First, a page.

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Thread: Photo ID Laws

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    Photo ID Laws

    Some groups and individuals (including Barack Obama) are critical of voter photo-ID requirements claiming that they disenfranchise minorities, the poor, and the elderly. Do photo-ID laws represent an unreasonable demand?

    Obama wants official fired for comments - Yahoo! News



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    Re: Photo ID Laws

    Quote Originally Posted by alaskaguy View Post
    Some groups and individuals (including Barack Obama) are critical of voter photo-ID requirements claiming that they disenfranchise minorities, the poor, and the elderly. Do photo-ID laws represent an unreasonable demand?

    Obama wants official fired for comments - Yahoo! News
    No, it's not unreasonable. They disenfrancise criminals and illegals aliens, as it well should.



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    Re: Photo ID Laws

    It also disenfrancises me from voting 6 times for whoever Obama is running against.


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    Re: Photo ID Laws

    Quote Originally Posted by alaskaguy View Post
    Do photo-ID laws represent an unreasonable demand?
    The answer to this question is undoubtedly no. However, my understanding is that if one looks at places that have implemented such programs, they tend to have a greater effect upon minority populations. That is why republicans advance the ID requirements and democrats do not (as minorities tend to vote overwhelmingly democrat).

    I think the better questions are as follows:
    1. To what extent is there a voter fraud problem that would be adequately addressed by a photo ID requirement?
    2. If a photo ID requirement is implemented, does it make elections function in a more representative manner?

    I have not seen much evidence of a substantial number of people fraudulently voting as someone else, or that those who do vote overwhelmingly for one party. If this is the case, a disproportionate impact on a minority population that thus makes elections less representative suggests that the photo ID requirement is not a wise one.



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    Re: Photo ID Laws

    I bring my ID with me every time because I am SHOCKED they do not ask for it. I cannot believe you can vote by just telling them some random name of a person in that district.


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    Re: Photo ID Laws

    Quote Originally Posted by brianhos View Post
    It also disenfrancises me from voting 6 times for whoever Obama is running against.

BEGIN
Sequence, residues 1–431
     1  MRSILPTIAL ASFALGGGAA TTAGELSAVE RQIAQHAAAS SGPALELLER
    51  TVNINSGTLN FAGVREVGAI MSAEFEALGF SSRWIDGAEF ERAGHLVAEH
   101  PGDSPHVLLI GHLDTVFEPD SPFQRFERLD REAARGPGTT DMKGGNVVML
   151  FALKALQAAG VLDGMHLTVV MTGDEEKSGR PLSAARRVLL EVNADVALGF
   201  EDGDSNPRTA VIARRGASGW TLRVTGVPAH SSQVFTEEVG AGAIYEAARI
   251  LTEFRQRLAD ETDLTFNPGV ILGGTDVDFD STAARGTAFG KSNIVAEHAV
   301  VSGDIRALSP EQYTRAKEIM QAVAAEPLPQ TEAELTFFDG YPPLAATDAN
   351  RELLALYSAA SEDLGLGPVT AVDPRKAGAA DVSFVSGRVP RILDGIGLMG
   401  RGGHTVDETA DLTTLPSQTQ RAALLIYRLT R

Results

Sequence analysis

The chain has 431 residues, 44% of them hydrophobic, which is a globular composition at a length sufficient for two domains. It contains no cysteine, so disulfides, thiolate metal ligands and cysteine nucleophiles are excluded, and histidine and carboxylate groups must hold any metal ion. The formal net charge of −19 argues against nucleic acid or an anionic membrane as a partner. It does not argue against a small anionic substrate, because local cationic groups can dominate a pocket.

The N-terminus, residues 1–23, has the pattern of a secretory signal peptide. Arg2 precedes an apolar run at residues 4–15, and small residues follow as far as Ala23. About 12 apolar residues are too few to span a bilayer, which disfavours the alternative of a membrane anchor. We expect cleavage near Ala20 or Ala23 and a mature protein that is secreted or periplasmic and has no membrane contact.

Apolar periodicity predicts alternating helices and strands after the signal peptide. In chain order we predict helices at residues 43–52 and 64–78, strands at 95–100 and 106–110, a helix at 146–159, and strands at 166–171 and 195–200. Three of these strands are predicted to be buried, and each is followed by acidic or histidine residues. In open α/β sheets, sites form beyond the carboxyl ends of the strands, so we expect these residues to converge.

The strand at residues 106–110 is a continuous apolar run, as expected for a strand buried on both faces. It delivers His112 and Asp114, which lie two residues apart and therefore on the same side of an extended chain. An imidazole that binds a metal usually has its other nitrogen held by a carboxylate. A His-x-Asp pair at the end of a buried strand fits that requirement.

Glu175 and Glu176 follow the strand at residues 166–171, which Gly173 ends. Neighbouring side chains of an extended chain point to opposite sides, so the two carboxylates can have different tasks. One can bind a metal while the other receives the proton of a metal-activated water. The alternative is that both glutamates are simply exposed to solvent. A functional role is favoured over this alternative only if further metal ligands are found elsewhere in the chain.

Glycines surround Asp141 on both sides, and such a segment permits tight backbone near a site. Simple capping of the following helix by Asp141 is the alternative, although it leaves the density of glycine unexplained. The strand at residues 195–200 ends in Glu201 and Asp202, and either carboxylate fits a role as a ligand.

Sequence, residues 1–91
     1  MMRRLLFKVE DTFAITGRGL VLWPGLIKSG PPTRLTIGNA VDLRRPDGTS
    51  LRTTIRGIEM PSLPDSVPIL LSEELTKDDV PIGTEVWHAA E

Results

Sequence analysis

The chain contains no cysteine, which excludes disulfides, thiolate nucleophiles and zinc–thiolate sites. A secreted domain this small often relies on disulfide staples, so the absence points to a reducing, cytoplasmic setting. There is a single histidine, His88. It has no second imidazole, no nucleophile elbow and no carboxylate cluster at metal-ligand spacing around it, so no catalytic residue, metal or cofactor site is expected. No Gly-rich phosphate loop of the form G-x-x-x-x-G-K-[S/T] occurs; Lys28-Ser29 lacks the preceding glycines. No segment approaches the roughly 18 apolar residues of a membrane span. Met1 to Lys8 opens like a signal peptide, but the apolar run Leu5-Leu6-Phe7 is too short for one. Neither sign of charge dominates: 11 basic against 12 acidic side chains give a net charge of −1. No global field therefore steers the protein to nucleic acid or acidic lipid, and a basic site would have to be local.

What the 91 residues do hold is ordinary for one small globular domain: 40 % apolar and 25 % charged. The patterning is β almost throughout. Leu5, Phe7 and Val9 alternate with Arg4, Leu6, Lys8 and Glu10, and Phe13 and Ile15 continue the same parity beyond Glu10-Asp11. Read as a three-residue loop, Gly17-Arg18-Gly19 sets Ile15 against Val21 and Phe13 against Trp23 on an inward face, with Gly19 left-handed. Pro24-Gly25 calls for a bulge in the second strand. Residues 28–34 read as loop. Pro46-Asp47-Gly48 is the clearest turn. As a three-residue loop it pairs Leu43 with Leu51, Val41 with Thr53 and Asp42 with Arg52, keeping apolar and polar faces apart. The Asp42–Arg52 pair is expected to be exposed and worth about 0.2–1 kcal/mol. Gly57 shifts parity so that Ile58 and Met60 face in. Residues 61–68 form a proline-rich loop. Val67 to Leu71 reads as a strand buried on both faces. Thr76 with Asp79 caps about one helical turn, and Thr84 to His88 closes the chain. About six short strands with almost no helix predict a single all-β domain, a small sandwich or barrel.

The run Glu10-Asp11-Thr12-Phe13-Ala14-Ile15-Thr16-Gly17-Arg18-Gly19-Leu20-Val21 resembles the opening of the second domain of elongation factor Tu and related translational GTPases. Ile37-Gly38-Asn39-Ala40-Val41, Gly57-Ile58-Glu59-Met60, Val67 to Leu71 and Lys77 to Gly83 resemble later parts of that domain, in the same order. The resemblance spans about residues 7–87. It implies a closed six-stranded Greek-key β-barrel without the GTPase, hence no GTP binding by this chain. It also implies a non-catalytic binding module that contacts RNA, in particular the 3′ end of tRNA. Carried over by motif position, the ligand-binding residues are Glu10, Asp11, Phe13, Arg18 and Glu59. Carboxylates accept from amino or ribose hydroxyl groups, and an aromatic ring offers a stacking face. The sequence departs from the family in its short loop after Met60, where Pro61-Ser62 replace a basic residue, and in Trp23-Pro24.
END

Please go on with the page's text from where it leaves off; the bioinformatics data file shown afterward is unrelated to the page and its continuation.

I'd bet everything I own that he will not get the nomination, for outcries like this if nothing else. While this may rally some behind him, to the majority it is a turn-off. I think most people know what Tanner was trying to say, he was making two points at once.

    He is giving his opponents and press too much ammunition to use against him. History has shown that outcries such as these lose votes, not gain them. It appears he's looking for press time on this one.



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    Re: Photo ID Laws

    Quote Originally Posted by Kyle View Post
    The answer to this question is undoubtedly no. However, my understanding is that if one looks at places that have implemented such programs, they tend to have a greater effect upon minority populations. That is why republicans advance the ID requirements and democrats do not (as minorities tend to vote overwhelmingly democrat).

    I think the better questions are as follows:
    1. To what extent is there a voter fraud problem that would be adequately addressed by a photo ID requirement?
    2. If a photo ID requirement is implemented, does it make elections function in a more representative manner?

    I have not seen much evidence of a substantial number of people fraudulently voting as someone else, or that those who do vote overwhelmingly for one party. If this is the case, a disproportionate impact on a minority population that thus makes elections less representative suggests that the photo ID requirement is not a wise one.
    The 2004 election for governor in Washington State appears to have been such an example. The Washington State Republican Party claimed that at least 1,200 more votes were counted in Seattle's King County than the number of individual voters who could be accounted for. The states leading newspaper also documented a number of cases where "dead people" were voting. There were numerous legal challenges to the election results by both the Republicans and the Democrats. Both political parties alleged the results were rigged.